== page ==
I recently moved into a house that I am slowly completing to make it smart (not home automation, but smart home) and energy independent.
The first phase of the project does not include a storage battery, but several months will be dedicated to testing the energy production via a fixed photovoltaic system on the roof (6 kW) and then evaluating, after having collected the data from the different seasons, the convenience and usefulness of a fixed storage battery.
STORAGE BATTERIES: CONSIDERATIONS
Today, the term “savings” is often used when talking about storage batteries, whether it be fixed solutions like the Tesla Powerwall or semi-portable solutions like this Oukitel BP2000, which can be partially integrated into the home, but It depends on your situation.
Honestly, however, the choice of a storage battery is not always linked to questions of convenience; in my case, for example, I will evaluate it by considering convenience at 30/40%, i.e. the possibility of storing the energy produced by the photovoltaic system for don’t waste it, and 70/60% because I want to achieve the goal of having an energy independent house, to the point, in theory, of being able to disconnect it from the national electricity grid.
Will I really unplug it? No, even if you were to achieve energy independence via a perfectly sized battery. The large energy needs of an electric-only house like mine lead to high consumption, even without adding electric car charging. The induction hob and the heat pump for heating, cooling, and domestic hot water, for example, are energy intensive, and it is true that I do not pay for gas and that by disconnecting from the grid, I would eliminate important fixed and variable costs, but it is also true that This is a fairly drastic decision and a backup is always helpful.
August 2023 production, almost 1,000 kWh and a daily average of 30 kWh
Above I have put the best month so far, August 2023. With 6 kWh of installed power, I obtained an average of 30 kWh per day, not bad if it were always like this. Obviously, in order to exploit them all, a storage battery becomes very useful because part of the energy produced has been transferred to the grid with on-site exchange, and any surplus (I’m still waiting for the data on this) is paid by the GSE at negligible prices.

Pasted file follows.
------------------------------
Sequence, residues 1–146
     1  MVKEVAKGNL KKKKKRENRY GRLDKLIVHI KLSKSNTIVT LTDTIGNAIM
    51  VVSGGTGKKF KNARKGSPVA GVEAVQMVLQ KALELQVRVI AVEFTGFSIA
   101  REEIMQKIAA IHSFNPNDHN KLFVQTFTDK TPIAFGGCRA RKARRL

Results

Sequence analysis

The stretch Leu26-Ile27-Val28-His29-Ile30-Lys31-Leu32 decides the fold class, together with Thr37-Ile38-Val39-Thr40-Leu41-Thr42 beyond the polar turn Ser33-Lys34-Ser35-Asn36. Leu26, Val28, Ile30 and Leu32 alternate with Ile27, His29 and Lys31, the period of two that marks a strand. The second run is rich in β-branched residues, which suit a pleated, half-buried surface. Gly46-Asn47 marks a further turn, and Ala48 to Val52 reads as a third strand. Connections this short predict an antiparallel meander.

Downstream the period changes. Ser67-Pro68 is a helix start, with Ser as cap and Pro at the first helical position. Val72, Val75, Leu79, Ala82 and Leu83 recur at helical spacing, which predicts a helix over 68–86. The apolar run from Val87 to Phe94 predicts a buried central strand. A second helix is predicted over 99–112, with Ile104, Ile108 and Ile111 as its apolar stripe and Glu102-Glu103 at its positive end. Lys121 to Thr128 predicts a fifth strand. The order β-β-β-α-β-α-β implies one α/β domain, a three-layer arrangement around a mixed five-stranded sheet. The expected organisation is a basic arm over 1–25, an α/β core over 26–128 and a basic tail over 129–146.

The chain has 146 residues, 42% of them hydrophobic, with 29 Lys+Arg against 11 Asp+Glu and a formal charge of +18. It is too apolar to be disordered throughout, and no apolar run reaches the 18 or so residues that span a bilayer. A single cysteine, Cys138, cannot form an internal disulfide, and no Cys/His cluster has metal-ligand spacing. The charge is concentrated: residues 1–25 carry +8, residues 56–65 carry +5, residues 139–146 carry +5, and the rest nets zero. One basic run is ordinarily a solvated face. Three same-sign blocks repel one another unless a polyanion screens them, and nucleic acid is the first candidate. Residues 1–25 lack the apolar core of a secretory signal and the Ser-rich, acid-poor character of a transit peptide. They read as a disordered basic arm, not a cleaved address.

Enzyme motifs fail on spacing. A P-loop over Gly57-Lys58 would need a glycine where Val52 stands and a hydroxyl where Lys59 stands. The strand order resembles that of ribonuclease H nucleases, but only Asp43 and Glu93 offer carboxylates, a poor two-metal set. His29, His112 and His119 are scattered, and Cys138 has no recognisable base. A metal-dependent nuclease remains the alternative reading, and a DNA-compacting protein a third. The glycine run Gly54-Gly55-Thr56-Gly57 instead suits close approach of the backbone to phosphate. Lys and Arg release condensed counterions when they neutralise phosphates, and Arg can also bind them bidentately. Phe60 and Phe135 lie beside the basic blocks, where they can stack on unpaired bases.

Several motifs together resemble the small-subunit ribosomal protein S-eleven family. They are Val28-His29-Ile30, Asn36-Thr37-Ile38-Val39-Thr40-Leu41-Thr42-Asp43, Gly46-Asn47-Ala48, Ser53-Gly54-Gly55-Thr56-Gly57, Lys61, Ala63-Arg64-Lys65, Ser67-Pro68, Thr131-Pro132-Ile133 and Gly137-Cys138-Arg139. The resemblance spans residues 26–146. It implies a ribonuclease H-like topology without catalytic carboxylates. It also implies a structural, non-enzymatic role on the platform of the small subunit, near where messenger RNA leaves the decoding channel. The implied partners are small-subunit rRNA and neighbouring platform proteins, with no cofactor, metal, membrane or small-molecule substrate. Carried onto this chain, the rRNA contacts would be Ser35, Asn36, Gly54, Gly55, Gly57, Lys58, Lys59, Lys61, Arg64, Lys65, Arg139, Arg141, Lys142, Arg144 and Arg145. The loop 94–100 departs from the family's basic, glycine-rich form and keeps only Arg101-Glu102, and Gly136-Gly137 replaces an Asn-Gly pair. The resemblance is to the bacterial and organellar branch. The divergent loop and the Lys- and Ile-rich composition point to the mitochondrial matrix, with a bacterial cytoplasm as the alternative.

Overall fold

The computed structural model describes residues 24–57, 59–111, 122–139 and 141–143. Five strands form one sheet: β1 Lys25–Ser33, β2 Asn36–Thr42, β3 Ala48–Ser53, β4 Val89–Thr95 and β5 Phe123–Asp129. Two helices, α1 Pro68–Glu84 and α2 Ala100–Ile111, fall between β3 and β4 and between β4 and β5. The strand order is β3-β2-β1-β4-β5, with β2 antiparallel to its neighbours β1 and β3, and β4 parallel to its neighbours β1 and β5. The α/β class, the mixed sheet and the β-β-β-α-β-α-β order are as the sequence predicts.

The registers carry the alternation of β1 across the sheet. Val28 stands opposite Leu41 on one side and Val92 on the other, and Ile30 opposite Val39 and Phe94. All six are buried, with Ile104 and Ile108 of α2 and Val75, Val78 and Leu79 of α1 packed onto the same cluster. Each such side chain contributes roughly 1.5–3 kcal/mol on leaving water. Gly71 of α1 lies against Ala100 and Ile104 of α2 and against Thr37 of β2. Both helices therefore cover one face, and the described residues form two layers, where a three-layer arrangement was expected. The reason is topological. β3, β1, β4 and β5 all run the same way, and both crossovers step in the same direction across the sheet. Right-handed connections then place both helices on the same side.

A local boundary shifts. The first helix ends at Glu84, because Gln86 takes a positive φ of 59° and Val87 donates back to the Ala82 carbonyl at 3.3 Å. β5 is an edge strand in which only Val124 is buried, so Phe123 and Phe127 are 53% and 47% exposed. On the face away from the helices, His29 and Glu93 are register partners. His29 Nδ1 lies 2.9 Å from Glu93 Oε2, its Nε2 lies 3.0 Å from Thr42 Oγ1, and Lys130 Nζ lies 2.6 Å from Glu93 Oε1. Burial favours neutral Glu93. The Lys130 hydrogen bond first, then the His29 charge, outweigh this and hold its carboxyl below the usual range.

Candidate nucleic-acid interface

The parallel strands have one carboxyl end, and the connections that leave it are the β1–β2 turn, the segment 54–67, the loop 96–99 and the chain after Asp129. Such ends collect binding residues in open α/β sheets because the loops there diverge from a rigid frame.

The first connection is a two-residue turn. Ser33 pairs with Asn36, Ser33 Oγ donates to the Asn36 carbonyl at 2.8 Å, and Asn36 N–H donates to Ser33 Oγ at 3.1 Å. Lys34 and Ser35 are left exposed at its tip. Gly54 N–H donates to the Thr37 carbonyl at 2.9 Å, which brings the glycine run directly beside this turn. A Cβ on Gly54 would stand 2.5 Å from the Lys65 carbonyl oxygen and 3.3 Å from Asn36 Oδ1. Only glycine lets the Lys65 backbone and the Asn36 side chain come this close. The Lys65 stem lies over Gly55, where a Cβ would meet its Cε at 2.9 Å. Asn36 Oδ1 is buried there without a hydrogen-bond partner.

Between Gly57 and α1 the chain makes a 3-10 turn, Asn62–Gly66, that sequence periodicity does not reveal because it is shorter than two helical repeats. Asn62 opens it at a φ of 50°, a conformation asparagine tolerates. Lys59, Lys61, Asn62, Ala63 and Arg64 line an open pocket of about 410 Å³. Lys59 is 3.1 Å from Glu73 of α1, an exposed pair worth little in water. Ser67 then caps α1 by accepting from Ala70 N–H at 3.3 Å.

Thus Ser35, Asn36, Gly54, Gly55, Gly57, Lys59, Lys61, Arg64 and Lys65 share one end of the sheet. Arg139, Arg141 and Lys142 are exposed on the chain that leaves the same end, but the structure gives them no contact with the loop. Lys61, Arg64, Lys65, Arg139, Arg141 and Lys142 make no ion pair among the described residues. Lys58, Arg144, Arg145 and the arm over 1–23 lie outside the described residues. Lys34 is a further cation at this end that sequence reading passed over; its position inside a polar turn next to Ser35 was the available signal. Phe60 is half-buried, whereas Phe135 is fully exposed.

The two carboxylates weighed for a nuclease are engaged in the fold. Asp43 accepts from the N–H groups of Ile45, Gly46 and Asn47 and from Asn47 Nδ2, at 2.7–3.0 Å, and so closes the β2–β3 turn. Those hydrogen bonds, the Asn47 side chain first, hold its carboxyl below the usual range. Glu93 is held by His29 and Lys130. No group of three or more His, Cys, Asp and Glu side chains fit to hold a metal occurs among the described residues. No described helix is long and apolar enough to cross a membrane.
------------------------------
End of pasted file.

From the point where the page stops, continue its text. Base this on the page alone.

Autumn has just begun, so we will see how production goes and then evaluate the purchase of a storage tank. Aware that when I get my wallet, my goal will be to return over the years, and with the production from the rooftop system, a maximum of 50% of the cost of the battery because I already know that I will bear the other 50% because I want an “always on” house. It means that half of the expense will be on my whim/convenience… or simply to face the zombie apocalypse in peace.
We’re obviously joking, but the latest rainfall left thousands of people in Italy without electricity, and in France, 62,000 users remained “in the dark” for some time after storm Ciaran.
Having said this, and taking advantage of the possibility of temporarily trying out some “semi-portable” solutions, I am already starting to do some experiments, dividing the house into “always-on zones”, starting from the most sensitive ones.
HOW I USED THE BP2000 AS A BACKUP
The first area that I had to make always powered was Starlink, the only way to connect to the Internet (two of us work with the network), but also partly to be able to communicate by voice given that in the area there is a combination of mediocre external 5G coverage with very little internal 5G/4G coverage because the house is in class A4, therefore very “shielded”.
Even if it doesn’t concern today’s test, I find it right to start from how I protected Starlink from electrical blackouts (in 2023, there have been a couple of them so far, as well as about ten power surges in the area, which still restarted sensitive equipment like the dish of the satellite system. For it, I therefore used a small battery in UPS mode. Starlink is connected to an Eero that I recently purchased with the Autumn Prime Day offers. From the first Eero starts a network cable that passes through the channels in the walls and connects to the floor below where the second Eero is located. Unfortunately, it only has two Ethernet ports and, therefore, I used the second to connect the signal to one of the old Devolo Magic which, via the electrical network, sends it back to the second needed for the only two devices in the house that necessarily require a network cable: the station for the external cameras and the bridge for the Philips Hue lights.
So here we are at the second area that I have temporarily made independent by testing the Oukitel BP2000 with a view, in the future, to purchasing the single battery for the home. With the battery and some meters, I am collecting the actual consumption of the “home automation and entertainment” group.
The BP2000 is active in UPS mode and takes care of powering:
- a Samsung TV
- the Homey Pro hub that I use for the smart home and which does not depend on the cloud (it’s all local)
- a Blink Mini camera with a swivel stand
- a very old Huawei tablet that only serves to show the home’s energy consumption in real-time
- the second Eero, which provides connectivity to the ground floor
- a Meross power strip that manages the ambient lights and other USB devices
- a robot vacuum cleaner and floor cleaner
- the Xbox One
- refrigerator, oven, microwave, and dishwasher (if necessary, I have space to connect them all; the limit is the total output power, which does not allow them to be used at the same time)